$540 Million Ronin Hack Exposes Centralization of DeFi Bridges

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  • The massive $540 million hack on the Ronin network was a result of its bridge being exploited
  • DeFi bridges have been accused recently of not being sufficiently decentralized and therefore insecure
  • The Ronin hack follows the Wormhole hack around seven weeks ago

A gargantuan $540 million hack on Axie Infinity’s Ronin network, one of the biggest ever in the DeFi space, has once again highlighted the issues with DeFI bridges. The hack, which was only discovered yesterday despite taking place a week ago, comes around seven weeks after another bridge, Wormhole, was exploited for $320 million worth of ETH and shows how the desire for effective and functional DeFI bridges is coming at the expense of secure operations.

Ronin Hack Undiscovered For Six Days

Ronin alerted the community to the huge hack yesterday, six days after it actually took place:

Ronin said that the hackers “used hacked private keys in order to forge fake withdrawals” and they were only altered to the intrusion after a user was unable to withdraw 5,000 ETH from the bridge. An investigation revealed that the security breach took place on March 23, affecting node validator Sky Mavis’s nodes and Axie DAO validator nodes, which resulted in the funds being stolen from the Ronin bridge.

Another DeFi bridge, Wormhole, saw its smart contract exploited last month when hackers managed to trick the smart contract into thinking they had gained permission to mint 120,000 wETH.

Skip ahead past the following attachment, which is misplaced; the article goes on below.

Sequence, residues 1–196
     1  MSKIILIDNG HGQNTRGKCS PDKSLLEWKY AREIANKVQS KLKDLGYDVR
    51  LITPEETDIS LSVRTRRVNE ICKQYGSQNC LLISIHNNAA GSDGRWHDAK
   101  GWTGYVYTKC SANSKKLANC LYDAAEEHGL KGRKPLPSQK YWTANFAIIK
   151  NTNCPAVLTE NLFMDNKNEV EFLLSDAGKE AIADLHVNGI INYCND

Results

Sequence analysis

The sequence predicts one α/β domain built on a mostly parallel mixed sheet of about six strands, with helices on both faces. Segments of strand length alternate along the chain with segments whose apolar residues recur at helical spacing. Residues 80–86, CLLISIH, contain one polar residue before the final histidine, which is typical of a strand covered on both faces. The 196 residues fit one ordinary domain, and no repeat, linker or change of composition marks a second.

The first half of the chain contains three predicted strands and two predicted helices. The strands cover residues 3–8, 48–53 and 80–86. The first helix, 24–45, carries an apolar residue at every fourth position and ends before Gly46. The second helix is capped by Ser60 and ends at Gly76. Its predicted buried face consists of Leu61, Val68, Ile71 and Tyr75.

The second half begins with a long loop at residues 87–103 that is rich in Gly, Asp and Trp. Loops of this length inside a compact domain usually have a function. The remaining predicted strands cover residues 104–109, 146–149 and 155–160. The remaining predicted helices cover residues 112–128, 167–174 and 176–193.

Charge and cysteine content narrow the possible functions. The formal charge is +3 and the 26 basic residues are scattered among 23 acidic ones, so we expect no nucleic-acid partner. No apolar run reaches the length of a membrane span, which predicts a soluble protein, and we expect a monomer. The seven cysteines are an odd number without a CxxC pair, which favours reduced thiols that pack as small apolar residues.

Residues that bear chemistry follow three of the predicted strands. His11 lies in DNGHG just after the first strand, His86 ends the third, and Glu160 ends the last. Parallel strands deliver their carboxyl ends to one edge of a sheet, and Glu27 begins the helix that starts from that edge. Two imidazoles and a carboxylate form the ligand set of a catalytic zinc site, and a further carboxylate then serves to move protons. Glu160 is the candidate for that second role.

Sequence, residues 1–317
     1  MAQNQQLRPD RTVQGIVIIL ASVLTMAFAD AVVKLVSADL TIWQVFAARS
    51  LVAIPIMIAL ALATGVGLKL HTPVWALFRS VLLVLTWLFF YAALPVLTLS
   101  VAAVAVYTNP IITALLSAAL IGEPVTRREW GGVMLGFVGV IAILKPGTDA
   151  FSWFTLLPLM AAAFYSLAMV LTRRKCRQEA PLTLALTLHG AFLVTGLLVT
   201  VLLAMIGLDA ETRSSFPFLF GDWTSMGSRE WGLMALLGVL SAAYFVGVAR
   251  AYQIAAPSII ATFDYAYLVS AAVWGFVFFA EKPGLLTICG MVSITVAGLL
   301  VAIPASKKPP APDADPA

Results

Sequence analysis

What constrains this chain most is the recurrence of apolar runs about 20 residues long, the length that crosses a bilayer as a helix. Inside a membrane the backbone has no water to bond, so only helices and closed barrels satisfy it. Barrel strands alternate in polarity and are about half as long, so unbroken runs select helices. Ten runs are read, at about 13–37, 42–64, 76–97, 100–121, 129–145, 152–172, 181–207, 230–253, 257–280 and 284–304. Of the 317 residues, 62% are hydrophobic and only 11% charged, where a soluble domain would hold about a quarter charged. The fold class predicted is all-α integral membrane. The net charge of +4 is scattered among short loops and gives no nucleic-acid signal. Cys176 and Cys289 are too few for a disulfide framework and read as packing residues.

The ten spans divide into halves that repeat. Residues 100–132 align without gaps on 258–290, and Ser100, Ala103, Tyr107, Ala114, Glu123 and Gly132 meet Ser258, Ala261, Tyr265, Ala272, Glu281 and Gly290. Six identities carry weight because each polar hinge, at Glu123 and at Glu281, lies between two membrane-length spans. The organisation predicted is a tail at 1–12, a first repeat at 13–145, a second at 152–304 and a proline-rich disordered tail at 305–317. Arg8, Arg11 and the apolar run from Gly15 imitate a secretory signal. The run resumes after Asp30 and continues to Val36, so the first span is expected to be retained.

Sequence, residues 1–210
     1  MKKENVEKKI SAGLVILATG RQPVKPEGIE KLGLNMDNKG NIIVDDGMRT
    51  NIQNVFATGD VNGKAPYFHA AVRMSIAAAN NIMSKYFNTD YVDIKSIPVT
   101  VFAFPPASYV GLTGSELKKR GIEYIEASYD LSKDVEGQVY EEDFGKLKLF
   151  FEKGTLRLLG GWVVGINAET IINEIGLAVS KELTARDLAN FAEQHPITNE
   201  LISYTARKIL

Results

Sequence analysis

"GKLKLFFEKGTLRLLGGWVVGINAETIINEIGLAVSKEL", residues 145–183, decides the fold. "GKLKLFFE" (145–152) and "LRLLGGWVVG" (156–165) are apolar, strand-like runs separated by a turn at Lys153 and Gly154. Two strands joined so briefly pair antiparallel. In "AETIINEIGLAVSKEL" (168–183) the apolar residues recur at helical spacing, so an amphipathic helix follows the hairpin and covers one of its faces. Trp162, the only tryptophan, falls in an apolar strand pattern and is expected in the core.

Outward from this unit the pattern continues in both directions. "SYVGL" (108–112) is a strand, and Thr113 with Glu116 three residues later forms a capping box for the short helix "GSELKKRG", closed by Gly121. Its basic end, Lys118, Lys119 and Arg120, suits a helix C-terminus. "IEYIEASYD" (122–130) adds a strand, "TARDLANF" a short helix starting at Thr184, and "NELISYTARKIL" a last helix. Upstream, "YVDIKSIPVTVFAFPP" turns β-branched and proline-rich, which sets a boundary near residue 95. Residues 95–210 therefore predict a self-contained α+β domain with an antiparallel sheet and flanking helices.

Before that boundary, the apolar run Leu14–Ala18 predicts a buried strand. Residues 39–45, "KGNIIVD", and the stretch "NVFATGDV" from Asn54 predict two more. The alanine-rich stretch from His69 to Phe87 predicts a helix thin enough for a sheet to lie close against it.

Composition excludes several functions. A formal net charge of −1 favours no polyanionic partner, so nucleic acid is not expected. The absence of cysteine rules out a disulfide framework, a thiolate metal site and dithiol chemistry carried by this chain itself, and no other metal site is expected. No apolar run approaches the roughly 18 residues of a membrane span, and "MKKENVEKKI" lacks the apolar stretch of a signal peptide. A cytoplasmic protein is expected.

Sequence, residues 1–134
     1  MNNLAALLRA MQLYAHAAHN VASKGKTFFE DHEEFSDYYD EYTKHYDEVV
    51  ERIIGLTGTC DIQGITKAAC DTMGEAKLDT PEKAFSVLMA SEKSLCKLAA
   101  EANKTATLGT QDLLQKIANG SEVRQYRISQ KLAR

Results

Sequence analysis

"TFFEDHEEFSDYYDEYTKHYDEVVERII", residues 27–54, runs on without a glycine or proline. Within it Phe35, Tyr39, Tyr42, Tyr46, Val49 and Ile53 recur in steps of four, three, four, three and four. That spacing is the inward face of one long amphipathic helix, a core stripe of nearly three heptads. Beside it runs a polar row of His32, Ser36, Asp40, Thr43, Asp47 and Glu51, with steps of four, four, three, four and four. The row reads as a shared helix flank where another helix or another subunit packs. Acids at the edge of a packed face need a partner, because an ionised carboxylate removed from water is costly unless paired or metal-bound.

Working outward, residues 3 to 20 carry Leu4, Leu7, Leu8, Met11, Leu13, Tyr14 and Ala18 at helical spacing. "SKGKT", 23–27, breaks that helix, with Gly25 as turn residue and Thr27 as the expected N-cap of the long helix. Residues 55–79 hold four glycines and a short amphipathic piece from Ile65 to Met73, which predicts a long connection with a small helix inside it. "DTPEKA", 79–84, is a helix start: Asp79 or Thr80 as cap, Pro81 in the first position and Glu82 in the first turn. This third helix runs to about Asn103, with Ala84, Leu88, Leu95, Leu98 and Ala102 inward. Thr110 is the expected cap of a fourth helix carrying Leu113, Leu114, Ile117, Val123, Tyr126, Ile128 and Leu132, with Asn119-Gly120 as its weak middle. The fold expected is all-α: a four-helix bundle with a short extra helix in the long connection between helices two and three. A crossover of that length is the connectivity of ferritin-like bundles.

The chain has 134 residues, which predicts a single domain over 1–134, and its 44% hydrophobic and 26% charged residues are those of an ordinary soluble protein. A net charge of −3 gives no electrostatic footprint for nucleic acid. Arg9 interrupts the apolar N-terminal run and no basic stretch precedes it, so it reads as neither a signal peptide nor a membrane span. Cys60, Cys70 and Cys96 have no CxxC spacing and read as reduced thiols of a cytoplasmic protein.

DeFi Bridges Not Decentralized

DeFi bridges, which enable interoperability between different blockchains, have grown in popularity in recent months as users look for ways to easily convert one coin to another cross-chain, but this quest for easy, fast transactions has come at the expense of decentralization.

This means that DeFi bridges can have central points of failure, as was pointed out by venture capitalist Corby Pryor earlier this month in a Real Vision interview:

There’s a deeper issue where people are coming in building bridges that are secured by one computer, so they’re not even decentralized…but no one seems to care that five billion dollars of assets are stored on a single computer controlled by a couple of people, and I think it’s primarily because people are getting their tokens from point A to point B.

Pryor’s concerns have seemingly played out with the Ronin hack, a situation that will hopefully lead to developers of other DeFi bridges taking a good look at their own security measures and deciding if they are sufficiently decentralized to prevent attacks like this from happening on their networks.